FF seeks response to EC criticism of proposed judicial-appointments regime
Letter to Minister for Justice comes after Commission said composition of appointments body ‘would not be in line with European standards’
European Commission: Composition of Judicial Appointments Commission would not be in line with European standards
Fianna Fáil has asked Minister for Justice Charlie Flanagan how he intends to respond to the European Commission’s criticisms of the proposed changes to Ireland’s regime for appointing judges.
In a letter to Mr Flanagan, Fianna Fáil spokesman on justice Jim O’Callaghan has raised the issue in the context of other European countries where the appointment of judges is found not to be in line with European standards.
The Independent Minister Shane Ross is the main driver behind the proposed new judicial appointments regime, and his championing of the change is causing tensions in Cabinet, which appointed three new judges on Tuesday despite Mr Ross having said he wants new appointments put on hold until the new regime is enacted.
In its country report on Ireland published earlier this month, the European Commission said the proposed composition of the Judicial Appointments Commission, which would comprise only three judges out of 13 members, including a lay chairperson accountable to the Oireachtas, “would not be in line with European standards”.
This was a reference to a recommendation adopted by the Committee of Ministers of the Council of Europe on November 17th, 2010, to which Ireland was a party.
The recommendation said at least half of the members of any judicial appointments body should be judges chosen by their peers with a view to guaranteeing the body’s independence.
In countries such as Ireland, where the Constitition stipulates the appointment of judges is a matter for the Government, the recommendation said the judicial appointments body should be an “independent and competent authority drawn in substantial part from the judiciary”, the recommendations of which would in practice be followed.
“The fact that the Commission has seen fit to make this negative criticism by asserting that the government’s proposals ‘would not be in line with European standards’ should ring alarm bells with you and other members of the government,” Mr O’Callaghan said in his letter to the Minister.
“The European Commission is watching closely the relationship that exists between national governments and their judiciaries and monitoring any steps by governments that may undermine or damage the independence of the judiciary within a member State,” Mr O’Callaghan said.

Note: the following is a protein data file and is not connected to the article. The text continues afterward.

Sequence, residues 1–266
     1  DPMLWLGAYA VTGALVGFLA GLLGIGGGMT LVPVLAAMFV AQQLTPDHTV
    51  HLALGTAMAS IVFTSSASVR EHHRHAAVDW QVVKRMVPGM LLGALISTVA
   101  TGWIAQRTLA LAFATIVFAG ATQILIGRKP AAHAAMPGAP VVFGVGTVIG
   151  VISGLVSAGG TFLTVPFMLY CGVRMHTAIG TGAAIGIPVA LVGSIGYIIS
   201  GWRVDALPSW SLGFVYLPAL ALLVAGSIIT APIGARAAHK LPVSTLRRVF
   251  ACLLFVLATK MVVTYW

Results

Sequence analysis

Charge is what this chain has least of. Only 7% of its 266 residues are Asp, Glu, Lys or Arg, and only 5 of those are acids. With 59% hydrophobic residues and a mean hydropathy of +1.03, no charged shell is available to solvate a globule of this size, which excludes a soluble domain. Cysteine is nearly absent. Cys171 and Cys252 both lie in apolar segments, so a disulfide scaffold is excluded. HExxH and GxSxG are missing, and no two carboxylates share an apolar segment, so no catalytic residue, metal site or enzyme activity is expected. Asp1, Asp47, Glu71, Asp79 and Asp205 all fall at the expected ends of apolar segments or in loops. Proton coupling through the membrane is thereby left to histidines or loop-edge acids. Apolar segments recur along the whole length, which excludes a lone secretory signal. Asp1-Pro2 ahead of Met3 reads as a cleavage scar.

“I am extremely concerned that Ireland has now been criticised by the European Commission because of the government’s proposed changes to how judges will be appointed.”
The reputational damage for Ireland would be significant if it is found that our judicial appointments regime is not in line with European standards, he said.
Last week High Court judge Aileen Donnelly deferred the extradition of an alleged drug trafficker to Poland because of concerns about the quality of the rule of law there following changes introduced by the Polish government, including the system for judicial appointments.
In her decision in the Polish extradition case Ms Justice Donnelly also referred to the Committee of Ministers recommendation.
One of the changes causing concern in Poland is the creation of a National Council for the Judiciary, which will be largely dominated by political appointees.
It is part of “a concerted legislative package to politicise the judiciary and to take away its independence,” Ms Justice Donnelly noted.
She is to ask the European Court of Justice in Luxembourg for its view on whether she should consider the changes to the rule of law in Poland when considering whether to extradite people there under the European Arrest Warrant system.
The move means that a political crisis in the EU caused by the changes to the rule of law in Poland has now spread to the European legal system.